Trends in Software as a Service
The combination of the software-as-a-service model and Web-hosting providers could give users a safe, sometimes low-cost and low-risk way to jumpstart Webcasting initiatives.
The emergence of software-as-a-service is posing both new opportunities and challenges that Microsoft and numerous other software vendors tried to address with new strategies and products detailed this week at HostingCon 2007 conference in Chicago. The conference focused on Web-hosting and the rapidly growing software-as-a-service market, with about 40 sessions that ran from Monday to Wednesday.
Many see the key player in the hosting/software-as-a-service market as Microsoft. The launch of Microsoft Windows Server 2008 next February, which includes a Web server called Internet Information Services 7.0, will give hosting providers "significant enhancements" improving security, scalability and reliability of software-as-a-service applications, Microsoft said.
"Focused on delivering a low total cost of ownership for its server products, Microsoft has developed key features such as integrated health management for Web services, optimized PHP, Hypertext Preprocessor application hosting on Windows, a fast and scalable configuration system, and delegated administration," Microsoft says in a press release.
"The market is moving very rapidly towards an on-demand world and the demand, therefore, for hosting facilities is only accelerating," says Jeffrey Kaplan, who runs the consulting firm THINKstrategies. "What you're seeing is everybody from Microsoft on down ... trying to do all they can to capitalize on that demand and offer new technologies to support the hosting companies' needs."
Web hosts provide server space, Web services and file maintenance to users or companies that want to build Web sites but do not have their own Web servers.
Web hosting plays an important role in the global software-as-a-service market, which reached US$6.3 billion in 2006 and is expected by the analyst firm Gartner to more than triple to $19.3 billion a year by 2011. The prominence of the software-as-a-service market can be seen in two initial public offerings filed this month, by NetSuite and SuccessFactors.
Software provider SWsoft referenced Gartner's prediction this week when it announced that five vendors will begin selling applications based on a standard it developed to make it easier for software vendors to sell applications through hosting providers. "The APS [Application Packaging Standard] defines specifications that provide ISVs with a unified, open platform to create 'pluggable' applications that can be delivered by any service provider with minimal integration costs and effort," SWsoft said in a press release.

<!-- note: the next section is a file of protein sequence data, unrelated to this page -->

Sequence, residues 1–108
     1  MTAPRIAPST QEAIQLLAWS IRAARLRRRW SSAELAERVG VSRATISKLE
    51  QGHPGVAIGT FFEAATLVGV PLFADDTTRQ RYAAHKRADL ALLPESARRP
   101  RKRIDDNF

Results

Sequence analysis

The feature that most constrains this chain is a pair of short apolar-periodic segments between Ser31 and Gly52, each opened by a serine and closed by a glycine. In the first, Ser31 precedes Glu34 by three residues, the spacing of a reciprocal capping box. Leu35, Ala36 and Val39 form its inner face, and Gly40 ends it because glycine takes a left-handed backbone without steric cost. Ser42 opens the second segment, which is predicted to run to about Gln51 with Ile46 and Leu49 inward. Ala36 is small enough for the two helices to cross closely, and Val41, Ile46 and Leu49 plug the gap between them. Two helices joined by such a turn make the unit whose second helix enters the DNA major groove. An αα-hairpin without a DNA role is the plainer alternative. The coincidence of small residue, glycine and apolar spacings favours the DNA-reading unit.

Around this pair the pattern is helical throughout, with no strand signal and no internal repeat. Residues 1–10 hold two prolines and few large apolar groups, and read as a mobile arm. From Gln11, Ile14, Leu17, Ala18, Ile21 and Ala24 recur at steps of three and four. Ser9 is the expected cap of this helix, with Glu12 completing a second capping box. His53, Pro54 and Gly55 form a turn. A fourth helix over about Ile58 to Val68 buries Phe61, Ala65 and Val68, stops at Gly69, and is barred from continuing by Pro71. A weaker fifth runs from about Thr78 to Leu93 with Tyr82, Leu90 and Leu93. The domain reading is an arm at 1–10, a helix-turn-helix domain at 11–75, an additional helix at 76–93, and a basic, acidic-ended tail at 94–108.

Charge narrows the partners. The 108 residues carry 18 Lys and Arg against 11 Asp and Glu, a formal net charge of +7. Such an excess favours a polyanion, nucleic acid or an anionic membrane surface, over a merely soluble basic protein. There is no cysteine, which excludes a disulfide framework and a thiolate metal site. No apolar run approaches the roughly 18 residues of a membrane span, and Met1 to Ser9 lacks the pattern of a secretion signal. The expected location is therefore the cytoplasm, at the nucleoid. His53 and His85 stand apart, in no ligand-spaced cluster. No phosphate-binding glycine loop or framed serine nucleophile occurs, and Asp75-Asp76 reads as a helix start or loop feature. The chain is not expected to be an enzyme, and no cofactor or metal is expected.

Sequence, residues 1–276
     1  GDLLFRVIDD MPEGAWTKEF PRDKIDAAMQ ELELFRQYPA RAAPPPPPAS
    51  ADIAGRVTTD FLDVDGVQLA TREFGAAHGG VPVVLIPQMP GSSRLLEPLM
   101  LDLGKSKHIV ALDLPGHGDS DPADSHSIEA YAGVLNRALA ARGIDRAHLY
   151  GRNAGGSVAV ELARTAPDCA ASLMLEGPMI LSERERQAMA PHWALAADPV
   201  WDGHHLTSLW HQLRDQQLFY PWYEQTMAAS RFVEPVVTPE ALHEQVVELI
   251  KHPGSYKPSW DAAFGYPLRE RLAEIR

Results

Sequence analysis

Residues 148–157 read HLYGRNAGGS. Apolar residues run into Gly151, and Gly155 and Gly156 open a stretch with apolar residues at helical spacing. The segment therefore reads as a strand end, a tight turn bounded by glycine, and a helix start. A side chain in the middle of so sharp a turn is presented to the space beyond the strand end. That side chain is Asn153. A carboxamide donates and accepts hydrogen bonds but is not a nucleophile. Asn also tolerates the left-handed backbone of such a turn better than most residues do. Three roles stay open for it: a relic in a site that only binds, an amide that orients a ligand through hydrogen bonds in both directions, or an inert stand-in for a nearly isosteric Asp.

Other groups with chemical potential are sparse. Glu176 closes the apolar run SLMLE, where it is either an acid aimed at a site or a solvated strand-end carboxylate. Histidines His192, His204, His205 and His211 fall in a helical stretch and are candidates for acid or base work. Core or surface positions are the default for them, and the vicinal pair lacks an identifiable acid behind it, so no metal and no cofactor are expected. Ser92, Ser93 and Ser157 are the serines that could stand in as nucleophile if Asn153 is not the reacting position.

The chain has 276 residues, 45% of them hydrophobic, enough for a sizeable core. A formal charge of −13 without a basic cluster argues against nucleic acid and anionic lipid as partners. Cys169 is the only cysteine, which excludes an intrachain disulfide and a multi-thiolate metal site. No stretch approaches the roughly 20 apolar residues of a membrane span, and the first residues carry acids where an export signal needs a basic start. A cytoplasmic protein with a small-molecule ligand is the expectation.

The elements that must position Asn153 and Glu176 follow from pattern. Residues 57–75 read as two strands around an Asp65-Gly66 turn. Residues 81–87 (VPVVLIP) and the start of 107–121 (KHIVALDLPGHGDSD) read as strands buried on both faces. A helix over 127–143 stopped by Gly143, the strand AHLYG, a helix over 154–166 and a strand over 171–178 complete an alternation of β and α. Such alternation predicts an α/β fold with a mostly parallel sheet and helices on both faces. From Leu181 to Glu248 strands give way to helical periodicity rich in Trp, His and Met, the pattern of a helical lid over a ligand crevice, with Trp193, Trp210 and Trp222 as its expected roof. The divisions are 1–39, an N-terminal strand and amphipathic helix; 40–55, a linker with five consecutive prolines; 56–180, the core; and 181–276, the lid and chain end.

The five vendors at HostingCon who detailed their plans to use APS are Smart Online, which makes accounting, human resources and sales applications for small businesses; Roaring Penguin Software, an antispam vendor; ShopSite, an e-commerce provider enabling companies to establish online stores; CCMedia, which measures online traffic with Web analytics tools; and FreshBooks, which makes an online invoicing and time tracking service.
Here are some more Web-hosting announcements from this week:
-- CM4all released a new version of WebsiteCreator Business Edition, which lets businesses create company Web sites with Web 2.0 capabilities such as blogging and sharing of photos, videos and music. CM4all targets its products to OEM customers, such as telcos, Internet service providers, and Web-hosting companies that integrate CM4all technology into their own products.
-- Ensim, which makes management software for unified communications and collaborative infrastructure, demonstrated Unify Shared Edition 4.0, which was developed in collaboration with Microsoft and gives service providers a centralized platform to create, control and deliver hosted applications. The new release lets service providers manage Microsoft Exchange 2007 and SharePoint Services 3.0 in a wide range of deployments.
Microsoft says its own announcements this week reflect how the popularity of software-as-a-service is posing new opportunities for the Web-hosting industry.
"The adoption of software plus services has presented many new possibilities for the hosting industry to evolve and grow," John Zanni, managing director of worldwide hosting in Microsoft's communications sector, said in a press release. "There is a tremendous opportunity through the emergence of the Web as a business and consumer platform, but it also introduces potential challenges for hosting providers as the industry undergoes this transformation."
In addition to technical resources, Microsoft says it is developing "profitability models" for hosting companies that go beyond traditional hosting scenarios to encompass advertising, design and development. Microsoft says hosting providers should also grow their businesses by forging partnerships with value-added resellers.